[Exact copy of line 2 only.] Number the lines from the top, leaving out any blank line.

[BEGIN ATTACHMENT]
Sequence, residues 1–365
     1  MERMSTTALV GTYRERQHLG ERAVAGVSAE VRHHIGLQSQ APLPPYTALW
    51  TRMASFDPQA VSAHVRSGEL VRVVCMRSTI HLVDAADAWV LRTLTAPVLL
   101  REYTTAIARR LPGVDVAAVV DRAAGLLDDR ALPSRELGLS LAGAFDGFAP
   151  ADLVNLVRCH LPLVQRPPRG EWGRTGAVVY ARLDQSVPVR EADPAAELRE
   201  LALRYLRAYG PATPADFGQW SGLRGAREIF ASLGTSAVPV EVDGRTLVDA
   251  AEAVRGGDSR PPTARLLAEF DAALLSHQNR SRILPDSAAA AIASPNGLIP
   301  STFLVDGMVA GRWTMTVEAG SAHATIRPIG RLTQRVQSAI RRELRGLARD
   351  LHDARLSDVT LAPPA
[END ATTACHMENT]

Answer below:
     1  MERMSTTALV GTYRERQHLG ERAVAGVSAE VRHHIGLQSQ APLPPYTALW